Can anyone that has had an excisional biopsy for micro-calsifications....tell me about their experiences...please! I am seeing the surgeon tommorrow for consultation ....and I read the notes on x-rays that I just picked up with the recommendation of this procedure.
I've had three (?). An excisional biopsy is also a lumpectomy. Generally it's an out-patient procedure. My first was in September '91. It was a biopsy. It was done under general anesthesia. (Benign results.) Second was in December '02. That was a lumpectomy after a needle biopsy resulted in DCIS diagnosis. That too was under general anesthesia. It was supposed to be out-patient, but I ended up spending one night in the hospital which was OK by me. And the third was in November '05. It was a biopsy with benign results. But because "it" was so small and aparently not deeply located (though still not palpable), the surgery was done with twilight sleep (sedated consciousness?). That's good stuff. It's over, you come to, eat and drink a little right away, and -- you're ready to roll.
Any questions, ask away. I have had plenty (enough) experience in this area.
If it's an excisional biopsy, the whole of whatever it is is taken out whether or not it's known beforehand what it is. So therefore it can also be a lumpectomy. An incisional biopsy is a surgical BIOPSY when only a sample of tissue, tumor, whatever is removed as opposed to the whole thing.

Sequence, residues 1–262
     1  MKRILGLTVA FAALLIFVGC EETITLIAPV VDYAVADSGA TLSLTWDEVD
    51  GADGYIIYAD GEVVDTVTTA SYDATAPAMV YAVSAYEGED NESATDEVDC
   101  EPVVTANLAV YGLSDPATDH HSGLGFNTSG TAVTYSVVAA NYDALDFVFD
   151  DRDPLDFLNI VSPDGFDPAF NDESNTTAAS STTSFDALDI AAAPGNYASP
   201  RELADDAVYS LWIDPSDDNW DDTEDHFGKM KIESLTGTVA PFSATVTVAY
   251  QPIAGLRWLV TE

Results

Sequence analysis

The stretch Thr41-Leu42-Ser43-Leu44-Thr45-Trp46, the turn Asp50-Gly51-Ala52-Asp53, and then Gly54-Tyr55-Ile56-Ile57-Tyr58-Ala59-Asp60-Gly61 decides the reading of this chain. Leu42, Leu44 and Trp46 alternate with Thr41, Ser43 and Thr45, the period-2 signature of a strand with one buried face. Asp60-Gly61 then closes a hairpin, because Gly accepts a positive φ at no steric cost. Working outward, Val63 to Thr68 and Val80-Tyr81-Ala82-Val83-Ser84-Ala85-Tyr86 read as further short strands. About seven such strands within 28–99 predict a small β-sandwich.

I do have a scar from each of the surgeries. I don't remember much about the biopsy in '91. Just too long ago. Have a visible scar on my upper right breast.
The next was the lumpectomy after needle biopsy resulting in DCIS. The tumor was on the large side -- 4 CMs. Three inch scar to my outer left breast, kind of under my arm. Really not terribly noticeable. (Four years later at least. Was certainly ugly when it was fresh.) As I said, I ended up in the hospital overnight. Had a drain in for a week. But really was not bad at all. Had no problems related to it.
The scar from last year's biopsy is visable -- near the one from '91. That was small and not too deep so only needed twilight sleep. That was my first experience with it. (Surgery took only 25 minutes.) I could not believe it. Out of surgery, come to, eat and drink a little, get dressed, and -- go. All on your own. If you've never had general anesthesia, you can't imagine the difference. General is something else.